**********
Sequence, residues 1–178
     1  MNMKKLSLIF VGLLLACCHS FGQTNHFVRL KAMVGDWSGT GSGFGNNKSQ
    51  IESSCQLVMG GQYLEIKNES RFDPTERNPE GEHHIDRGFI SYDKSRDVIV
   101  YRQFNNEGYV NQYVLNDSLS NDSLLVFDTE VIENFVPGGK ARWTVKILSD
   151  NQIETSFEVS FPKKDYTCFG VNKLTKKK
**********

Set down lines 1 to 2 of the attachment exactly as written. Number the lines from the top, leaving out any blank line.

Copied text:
Sequence, residues 1–178
     1  MNMKKLSLIF VGLLLACCHS FGQTNHFVRL KAMVGDWSGT GSGFGNNKSQ